Why Finding ‘Diamonds in the Rough’ Can Improve Channel Sales

Posted by John DeSarbo on Tue, May 08, 2018

Most technology vendors who sell through and with channel partners face an age-old challenge: how to deal with channel sales concentration. All channel managers are familiar with the 80/20 rule: 80% of channel sales are typically generated by the top 20% of channel partners. As I recently told Channelnomics, for some vendors, sales concentration actually exceeds this conventional benchmark, and the issue is becoming more critical.


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How to Implement a True Multichannel Strategy for the Big Middle

Posted by John DeSarbo on Thu, Jan 11, 2018

This post is the final in a four-part series on how high-tech companies can improve coverage of the “big middle” market segment.

Many high-tech companies have traditionally relied on direct sales channels to sell to the upper mid-market, or the “big middle.” Over time, however, industry leaders have determined that channel partners are needed to succeed in this attractive segment. Cisco, HP, Microsoft and others have built large-scale indirect channels and encouraged their partners to move upstream, beyond their traditional focus on small businesses, to engage upper mid-market and enterprise customers. Newer “born on the cloud” competitors such as Amazon Web Services and Google have followed suit and similarly adopted multichannel sales strategies in the big middle.  


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Is Your Sales Team Wasting Time and Money in the Big Middle?

Posted by Ty Curry on Tue, Dec 19, 2017

This post is the second in a four-part series on how high-tech companies can improve coverage of the “big middle” market segment.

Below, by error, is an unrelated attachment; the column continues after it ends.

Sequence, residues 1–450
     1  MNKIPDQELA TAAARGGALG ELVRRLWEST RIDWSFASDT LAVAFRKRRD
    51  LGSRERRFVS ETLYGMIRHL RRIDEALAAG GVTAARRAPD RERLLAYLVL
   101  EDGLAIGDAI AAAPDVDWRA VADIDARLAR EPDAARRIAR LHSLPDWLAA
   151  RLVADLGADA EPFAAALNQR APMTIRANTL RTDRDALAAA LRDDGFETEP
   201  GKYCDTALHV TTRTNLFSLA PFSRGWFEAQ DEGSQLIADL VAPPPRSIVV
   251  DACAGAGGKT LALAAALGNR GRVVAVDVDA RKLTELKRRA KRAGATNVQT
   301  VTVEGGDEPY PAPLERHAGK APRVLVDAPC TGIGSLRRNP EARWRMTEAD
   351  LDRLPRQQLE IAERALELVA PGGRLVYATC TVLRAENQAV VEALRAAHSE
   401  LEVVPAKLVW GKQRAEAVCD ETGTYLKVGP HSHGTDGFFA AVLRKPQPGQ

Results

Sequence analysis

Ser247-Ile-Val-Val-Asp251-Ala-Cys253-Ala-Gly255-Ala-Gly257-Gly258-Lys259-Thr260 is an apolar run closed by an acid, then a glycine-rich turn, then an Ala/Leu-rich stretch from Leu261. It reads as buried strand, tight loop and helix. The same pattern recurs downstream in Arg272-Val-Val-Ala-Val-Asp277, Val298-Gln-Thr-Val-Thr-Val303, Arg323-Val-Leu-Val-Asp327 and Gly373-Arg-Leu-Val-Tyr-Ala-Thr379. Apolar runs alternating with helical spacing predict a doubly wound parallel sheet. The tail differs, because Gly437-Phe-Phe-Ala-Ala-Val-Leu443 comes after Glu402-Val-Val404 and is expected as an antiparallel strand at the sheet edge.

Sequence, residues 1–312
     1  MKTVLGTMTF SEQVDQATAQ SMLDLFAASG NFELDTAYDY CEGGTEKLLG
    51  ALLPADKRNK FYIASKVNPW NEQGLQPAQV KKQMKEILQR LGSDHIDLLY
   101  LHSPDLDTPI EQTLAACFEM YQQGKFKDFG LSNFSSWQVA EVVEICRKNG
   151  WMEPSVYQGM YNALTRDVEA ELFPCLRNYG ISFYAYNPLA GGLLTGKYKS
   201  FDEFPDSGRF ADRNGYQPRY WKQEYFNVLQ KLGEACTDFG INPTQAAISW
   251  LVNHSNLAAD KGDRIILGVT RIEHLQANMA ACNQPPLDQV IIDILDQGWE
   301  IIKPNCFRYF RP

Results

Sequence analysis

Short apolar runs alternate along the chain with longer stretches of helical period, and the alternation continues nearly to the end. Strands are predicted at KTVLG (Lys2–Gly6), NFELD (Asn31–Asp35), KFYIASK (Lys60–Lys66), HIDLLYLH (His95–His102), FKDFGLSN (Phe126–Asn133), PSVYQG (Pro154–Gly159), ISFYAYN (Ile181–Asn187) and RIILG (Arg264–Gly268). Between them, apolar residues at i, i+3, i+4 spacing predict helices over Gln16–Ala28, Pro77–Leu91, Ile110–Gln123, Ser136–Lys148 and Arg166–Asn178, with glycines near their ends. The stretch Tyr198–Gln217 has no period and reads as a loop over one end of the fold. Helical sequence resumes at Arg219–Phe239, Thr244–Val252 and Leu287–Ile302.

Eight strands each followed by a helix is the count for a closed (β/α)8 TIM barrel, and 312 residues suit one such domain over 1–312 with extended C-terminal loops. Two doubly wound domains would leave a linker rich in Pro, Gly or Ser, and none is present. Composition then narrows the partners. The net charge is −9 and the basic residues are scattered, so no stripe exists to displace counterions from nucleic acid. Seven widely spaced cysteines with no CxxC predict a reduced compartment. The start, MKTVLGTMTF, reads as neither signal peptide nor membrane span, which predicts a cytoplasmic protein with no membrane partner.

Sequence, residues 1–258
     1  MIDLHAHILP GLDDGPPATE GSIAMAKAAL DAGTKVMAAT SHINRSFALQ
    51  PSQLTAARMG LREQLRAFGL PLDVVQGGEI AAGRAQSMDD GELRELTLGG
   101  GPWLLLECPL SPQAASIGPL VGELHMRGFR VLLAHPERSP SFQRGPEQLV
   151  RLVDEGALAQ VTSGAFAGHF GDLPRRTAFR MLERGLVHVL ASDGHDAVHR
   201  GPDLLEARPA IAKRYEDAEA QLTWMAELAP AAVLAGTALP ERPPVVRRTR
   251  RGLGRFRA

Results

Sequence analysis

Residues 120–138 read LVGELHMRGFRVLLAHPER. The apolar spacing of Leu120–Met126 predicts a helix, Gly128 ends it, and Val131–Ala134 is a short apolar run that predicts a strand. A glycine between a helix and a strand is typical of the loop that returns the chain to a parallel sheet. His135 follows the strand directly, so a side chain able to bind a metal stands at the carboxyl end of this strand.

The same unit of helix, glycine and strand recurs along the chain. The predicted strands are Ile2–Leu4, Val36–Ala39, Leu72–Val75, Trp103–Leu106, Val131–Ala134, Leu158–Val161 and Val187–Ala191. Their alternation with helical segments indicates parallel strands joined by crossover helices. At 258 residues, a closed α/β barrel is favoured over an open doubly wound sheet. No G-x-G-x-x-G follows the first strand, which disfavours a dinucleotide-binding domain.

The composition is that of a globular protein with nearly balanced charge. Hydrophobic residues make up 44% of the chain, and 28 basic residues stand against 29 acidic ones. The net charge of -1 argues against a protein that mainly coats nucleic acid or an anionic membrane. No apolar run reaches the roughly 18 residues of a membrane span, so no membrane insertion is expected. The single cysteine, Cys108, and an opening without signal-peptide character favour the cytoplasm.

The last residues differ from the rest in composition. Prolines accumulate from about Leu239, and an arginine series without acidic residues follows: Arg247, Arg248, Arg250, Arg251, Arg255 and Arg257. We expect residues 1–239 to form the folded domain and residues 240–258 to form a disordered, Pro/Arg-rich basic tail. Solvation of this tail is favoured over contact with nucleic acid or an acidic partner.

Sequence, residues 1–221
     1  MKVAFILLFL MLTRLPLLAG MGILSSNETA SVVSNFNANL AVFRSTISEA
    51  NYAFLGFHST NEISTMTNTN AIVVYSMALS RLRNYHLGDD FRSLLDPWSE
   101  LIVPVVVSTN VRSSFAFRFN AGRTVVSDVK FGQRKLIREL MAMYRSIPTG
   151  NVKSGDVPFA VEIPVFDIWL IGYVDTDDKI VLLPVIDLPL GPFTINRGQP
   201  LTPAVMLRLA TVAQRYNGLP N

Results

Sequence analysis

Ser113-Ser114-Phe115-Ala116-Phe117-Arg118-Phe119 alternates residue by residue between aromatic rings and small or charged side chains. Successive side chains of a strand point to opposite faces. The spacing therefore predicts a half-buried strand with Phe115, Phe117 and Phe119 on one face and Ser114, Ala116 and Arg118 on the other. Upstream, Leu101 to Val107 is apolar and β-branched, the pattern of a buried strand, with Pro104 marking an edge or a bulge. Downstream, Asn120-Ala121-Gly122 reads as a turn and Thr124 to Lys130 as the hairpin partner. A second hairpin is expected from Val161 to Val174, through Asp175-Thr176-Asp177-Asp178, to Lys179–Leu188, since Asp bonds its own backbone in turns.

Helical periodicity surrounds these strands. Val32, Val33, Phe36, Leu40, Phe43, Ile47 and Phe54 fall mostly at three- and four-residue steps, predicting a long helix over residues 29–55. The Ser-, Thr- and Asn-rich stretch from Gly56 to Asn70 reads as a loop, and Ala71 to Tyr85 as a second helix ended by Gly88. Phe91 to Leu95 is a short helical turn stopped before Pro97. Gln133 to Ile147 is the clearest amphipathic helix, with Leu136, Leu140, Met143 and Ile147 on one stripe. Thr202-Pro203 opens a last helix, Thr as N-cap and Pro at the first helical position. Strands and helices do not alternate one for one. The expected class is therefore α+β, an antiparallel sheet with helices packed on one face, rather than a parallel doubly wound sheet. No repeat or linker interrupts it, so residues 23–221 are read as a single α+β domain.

In a recent Harvard Business Review article, ZS co-founders Andy Zoltners and PK Sinha discussed the importance of improving sales force allocation. “Salespeople can work smarter, not harder, by dividing their time more appropriately among customers and sales activities. Sales effort allocation has a large impact on sales and profits,” they wrote. Sales reps often waste money by investing time in the wrong activities and by focusing on the wrong accounts. Focusing on accounts with the most potential is critical. Making sure that your sales force is spending time on the right things will help high-tech companies improve performance by better targeting the valuable yet elusive mid-market segment: companies with $100 million to $1 billion in annual sales, known as the “big middle.”


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Breaking the 'Channel Laziness' Cycle

Posted by John DeSarbo on Mon, Sep 11, 2017

In my last post, I explored the causes of “channel laziness,” a common side effect of high-tech manufacturers’ efforts to create indirect sales channels to reach small- or mid-market businesses. Unfortunately, some manufacturers that leverage partners to reach customers who are difficult to cover through direct channels struggle to achieve desired channel productivity levels due to partner over-reliance on the support provided to them. In effect, partners become lazy, unwilling to invest in the resources and competencies that are required to play their intended role in manufacturers’ go-to-market strategies.


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Channel Loyalty: A Tale With Five Simple Lessons

Posted by Kris Bose on Wed, Feb 27, 2013

I grew up listening to parables that simply illustrated complex concepts about life, ethics and morality—so I used this technique to illustrate key points about channel loyalty…

Once upon time in Technology Land, there lived a mighty lord who ruled ironfisted over his traders. They followed his orders, sold the royal goods and paid their (high) taxes.


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